Williams commits a feminist act of non-reservation in her willfulness to open to the desert. Luce Irigaray in “Sexual Difference” imagines that immanence and transcendence might be recast by the female sex. An opening comes in the mystery of female identity, of its self-contemplation, of that strange world of silence (Irigaray, Feminists 128). She wonders “is there not still something held in reserve within the silence of female history: an energy, morphology, growth or blossoming still to come from the female realm? Such a flowering keeps the future open. The world remains uncertain in the fact of this strange advent” (129). It is this flowering that Williams embodies in the desert as she explores physical and sensual contact with the earth as a means of knowing. She has shared that this contact is not expletive, but one undertaken in a manner of reciprocity. The idea is that the body is not just a receptacle of and for the elements, but that we are made of the earth, elemental in our very composition (water, fire, air, and dust). How we approach another—rock, river, flame, lover—creates a space of intention and possibility in our relating. Irigaray writes that desire is a tending toward. It exists in the intervals, the gaps, and requires “a sense of attraction: a change in the interval or the relations of nearness or distance between subject and object” (120). Rather than one subject moving toward or away from, both subjects move toward and away from each another. This, I believe, is the kind of reciprocity in which Williams engages the desert elements. Irigaray draws upon Heidegger’s idea of nearness as specified in place and induced by things and people who cohabit a common place (Casey 282). Nearness then becomes a means of relationality. Williams is radically thoughtful in her desire for nearness with the unknown and potentially dangerous in Desert Quartet. She draws near to what is not necessarily an anthropocentric space-made-place.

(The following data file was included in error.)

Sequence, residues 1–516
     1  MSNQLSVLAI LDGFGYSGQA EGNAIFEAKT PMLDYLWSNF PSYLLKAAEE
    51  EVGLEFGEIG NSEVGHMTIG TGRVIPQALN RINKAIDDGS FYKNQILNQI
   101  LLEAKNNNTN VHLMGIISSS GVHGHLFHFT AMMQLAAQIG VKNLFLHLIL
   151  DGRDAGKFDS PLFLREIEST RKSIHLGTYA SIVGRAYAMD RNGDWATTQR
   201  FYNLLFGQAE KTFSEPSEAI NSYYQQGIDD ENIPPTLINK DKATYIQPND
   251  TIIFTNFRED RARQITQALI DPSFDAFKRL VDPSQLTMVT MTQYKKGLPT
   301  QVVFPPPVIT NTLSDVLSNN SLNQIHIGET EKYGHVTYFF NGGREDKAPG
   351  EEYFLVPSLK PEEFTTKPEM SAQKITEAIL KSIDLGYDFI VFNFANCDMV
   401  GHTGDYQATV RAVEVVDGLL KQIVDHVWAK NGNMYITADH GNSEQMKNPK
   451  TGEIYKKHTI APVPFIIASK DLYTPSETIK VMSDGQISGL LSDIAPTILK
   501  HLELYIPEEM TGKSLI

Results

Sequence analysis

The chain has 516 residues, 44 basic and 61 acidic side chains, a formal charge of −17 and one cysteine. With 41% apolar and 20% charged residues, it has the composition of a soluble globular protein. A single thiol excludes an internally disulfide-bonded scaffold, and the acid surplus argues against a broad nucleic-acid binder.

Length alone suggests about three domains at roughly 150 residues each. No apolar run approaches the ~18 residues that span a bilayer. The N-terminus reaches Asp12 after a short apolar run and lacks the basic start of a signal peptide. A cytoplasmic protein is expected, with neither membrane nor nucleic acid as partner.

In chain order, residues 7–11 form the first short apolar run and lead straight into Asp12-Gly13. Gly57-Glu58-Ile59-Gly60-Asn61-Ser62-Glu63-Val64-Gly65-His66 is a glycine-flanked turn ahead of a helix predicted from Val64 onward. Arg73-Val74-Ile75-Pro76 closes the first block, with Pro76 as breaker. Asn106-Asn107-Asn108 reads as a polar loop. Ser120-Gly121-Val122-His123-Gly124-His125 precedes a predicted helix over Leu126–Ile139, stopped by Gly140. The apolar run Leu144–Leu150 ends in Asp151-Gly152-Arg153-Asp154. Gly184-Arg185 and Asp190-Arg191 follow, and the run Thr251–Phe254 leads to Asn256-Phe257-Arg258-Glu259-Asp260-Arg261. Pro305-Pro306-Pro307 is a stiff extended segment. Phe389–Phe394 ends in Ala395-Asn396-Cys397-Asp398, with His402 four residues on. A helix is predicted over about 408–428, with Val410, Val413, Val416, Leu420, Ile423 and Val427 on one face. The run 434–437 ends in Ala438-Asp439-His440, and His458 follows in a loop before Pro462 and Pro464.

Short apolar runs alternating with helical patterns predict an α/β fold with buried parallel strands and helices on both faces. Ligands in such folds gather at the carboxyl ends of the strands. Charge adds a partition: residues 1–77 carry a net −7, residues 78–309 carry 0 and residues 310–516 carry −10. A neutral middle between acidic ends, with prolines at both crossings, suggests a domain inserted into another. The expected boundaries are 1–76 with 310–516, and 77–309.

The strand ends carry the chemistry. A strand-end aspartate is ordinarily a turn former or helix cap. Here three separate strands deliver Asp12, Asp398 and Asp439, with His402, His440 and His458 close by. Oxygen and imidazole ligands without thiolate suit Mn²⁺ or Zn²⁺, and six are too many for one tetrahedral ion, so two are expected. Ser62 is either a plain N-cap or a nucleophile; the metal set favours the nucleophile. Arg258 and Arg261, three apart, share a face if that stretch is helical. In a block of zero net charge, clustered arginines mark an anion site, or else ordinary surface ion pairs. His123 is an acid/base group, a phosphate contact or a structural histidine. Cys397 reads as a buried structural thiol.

Each encounter in the desert is a way to realize something about human being. Like pulled-apart rock that reflects internal tensions and stresses that cause fissures in the earth, our bodies, too, break open with change. The insinuation throughout this sensual work is that we can allow ourselves to “be acted upon” and to “accept the life of another to take root inside” (Williams 11), as we feel life everywhere around and within us. Intimacy is a way to care for place while caring for ourselves. She asserts, “our lack of intimacy with the land has initiated a lack of intimacy with each other” (Austin 75). A question central to Desert Quartet is how we cross borders so that fluidity, rather than fixity, shapes our exploration of relations between our bodies and the earth. Such fluidity becomes “No separation. Eros: nature, even our own” (75).